Mr. Picou’s attempt to include Medicaid (not Medicare) in his tirade is illogical. He says the states will have to pick up an increase of $118 billion in new Medicaid funding, without mentioning that the federal government will pay 90 percent of the cost for new enrollees.
His last attempt to discredit the law is his statement that 1,231 companies have applied for and received waivers from parts of the new law. But again he fails to explain why the waivers were granted. The main reason is that the companies that applied for waivers already have private insurance plans that equal or exceed the law’s requirements.
The only somewhat factual statement I can find is that around 16,000 new Internal Revenue Service “auditors” will be needed, although this numerical requirement is not in the law. Nor is the projected huge decrease in insurance company auditors that will be realized when carriers can no longer search medical records, credit reports and previous policies for reasons to deny coverage or disapprove claims.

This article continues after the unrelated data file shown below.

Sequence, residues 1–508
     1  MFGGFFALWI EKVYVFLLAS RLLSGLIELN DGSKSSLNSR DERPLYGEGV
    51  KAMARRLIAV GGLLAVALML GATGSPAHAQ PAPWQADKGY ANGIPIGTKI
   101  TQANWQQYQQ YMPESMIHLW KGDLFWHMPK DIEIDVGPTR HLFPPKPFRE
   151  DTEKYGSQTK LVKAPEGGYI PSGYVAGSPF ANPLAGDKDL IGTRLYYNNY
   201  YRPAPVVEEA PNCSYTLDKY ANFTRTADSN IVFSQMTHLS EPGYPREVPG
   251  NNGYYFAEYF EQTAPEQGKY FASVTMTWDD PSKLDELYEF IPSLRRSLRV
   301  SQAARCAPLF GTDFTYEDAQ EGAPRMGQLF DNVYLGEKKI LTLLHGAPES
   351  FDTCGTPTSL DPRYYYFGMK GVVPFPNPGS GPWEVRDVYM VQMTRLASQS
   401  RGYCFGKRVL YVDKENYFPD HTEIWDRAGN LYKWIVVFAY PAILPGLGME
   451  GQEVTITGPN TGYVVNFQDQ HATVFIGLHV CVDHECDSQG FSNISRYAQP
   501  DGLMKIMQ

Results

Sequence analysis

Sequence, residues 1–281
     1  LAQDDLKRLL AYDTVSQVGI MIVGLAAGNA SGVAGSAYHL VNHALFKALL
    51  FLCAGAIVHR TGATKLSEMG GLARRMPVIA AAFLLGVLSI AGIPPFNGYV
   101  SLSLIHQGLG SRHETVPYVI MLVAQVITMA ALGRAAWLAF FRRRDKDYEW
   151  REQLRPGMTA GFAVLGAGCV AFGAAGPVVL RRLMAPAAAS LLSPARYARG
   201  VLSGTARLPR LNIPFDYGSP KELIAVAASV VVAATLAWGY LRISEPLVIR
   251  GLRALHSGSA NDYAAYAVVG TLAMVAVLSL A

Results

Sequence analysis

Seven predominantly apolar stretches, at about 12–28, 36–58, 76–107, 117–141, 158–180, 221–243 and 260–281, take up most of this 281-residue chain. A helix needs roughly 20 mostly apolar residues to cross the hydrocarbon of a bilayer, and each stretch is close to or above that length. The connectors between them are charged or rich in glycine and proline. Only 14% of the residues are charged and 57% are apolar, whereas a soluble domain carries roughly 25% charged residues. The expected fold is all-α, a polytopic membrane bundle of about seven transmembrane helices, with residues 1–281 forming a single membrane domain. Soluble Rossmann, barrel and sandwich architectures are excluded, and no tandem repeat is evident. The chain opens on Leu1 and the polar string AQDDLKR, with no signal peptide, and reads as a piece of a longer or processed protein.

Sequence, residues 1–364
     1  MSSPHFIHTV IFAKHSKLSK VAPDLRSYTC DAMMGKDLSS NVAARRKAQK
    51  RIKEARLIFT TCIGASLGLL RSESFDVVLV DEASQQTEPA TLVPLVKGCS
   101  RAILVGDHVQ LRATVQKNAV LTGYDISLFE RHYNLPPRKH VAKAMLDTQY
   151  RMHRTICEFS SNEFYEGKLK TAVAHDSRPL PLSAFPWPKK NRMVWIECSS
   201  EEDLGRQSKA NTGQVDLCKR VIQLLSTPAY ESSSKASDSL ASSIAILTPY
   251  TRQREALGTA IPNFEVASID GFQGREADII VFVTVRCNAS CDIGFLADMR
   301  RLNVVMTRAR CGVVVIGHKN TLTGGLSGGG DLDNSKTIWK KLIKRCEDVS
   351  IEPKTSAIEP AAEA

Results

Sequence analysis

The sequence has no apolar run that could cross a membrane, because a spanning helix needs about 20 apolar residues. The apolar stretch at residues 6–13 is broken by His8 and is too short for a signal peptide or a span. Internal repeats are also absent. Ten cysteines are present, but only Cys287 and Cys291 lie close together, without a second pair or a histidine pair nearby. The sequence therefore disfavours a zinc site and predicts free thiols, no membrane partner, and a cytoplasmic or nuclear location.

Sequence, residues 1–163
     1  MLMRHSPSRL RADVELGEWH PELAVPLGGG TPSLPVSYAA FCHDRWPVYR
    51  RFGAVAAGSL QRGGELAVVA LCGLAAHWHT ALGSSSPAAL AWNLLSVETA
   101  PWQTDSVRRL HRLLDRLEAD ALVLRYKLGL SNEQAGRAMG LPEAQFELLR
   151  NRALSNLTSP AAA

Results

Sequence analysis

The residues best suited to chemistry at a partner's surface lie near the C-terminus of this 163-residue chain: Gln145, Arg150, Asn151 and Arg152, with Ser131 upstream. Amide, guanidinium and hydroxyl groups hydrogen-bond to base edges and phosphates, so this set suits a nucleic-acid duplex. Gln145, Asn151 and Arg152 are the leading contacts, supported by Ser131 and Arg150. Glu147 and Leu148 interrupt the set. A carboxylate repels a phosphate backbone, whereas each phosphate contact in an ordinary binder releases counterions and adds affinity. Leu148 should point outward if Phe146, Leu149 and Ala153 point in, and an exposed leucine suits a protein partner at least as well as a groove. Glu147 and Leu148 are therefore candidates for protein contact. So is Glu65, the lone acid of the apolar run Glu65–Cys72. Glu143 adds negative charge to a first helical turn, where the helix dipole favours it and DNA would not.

Mr. Picou’s statements are nothing new. Essentially identical statements can be read on countless right wing sites and publications. It is notable that opponents of the Affordable Healthcare Law long ago stopped using Mr. Picou’s references because fact-checking organizations tore them to pieces.
But perhaps Mr. Picou and I should wait until the law actually starts next year before we predict its effect on healthcare.
We really won’t know for years what its true impact will be. The people will decide. That’s called democracy.
Dennis Tilly, Weatherford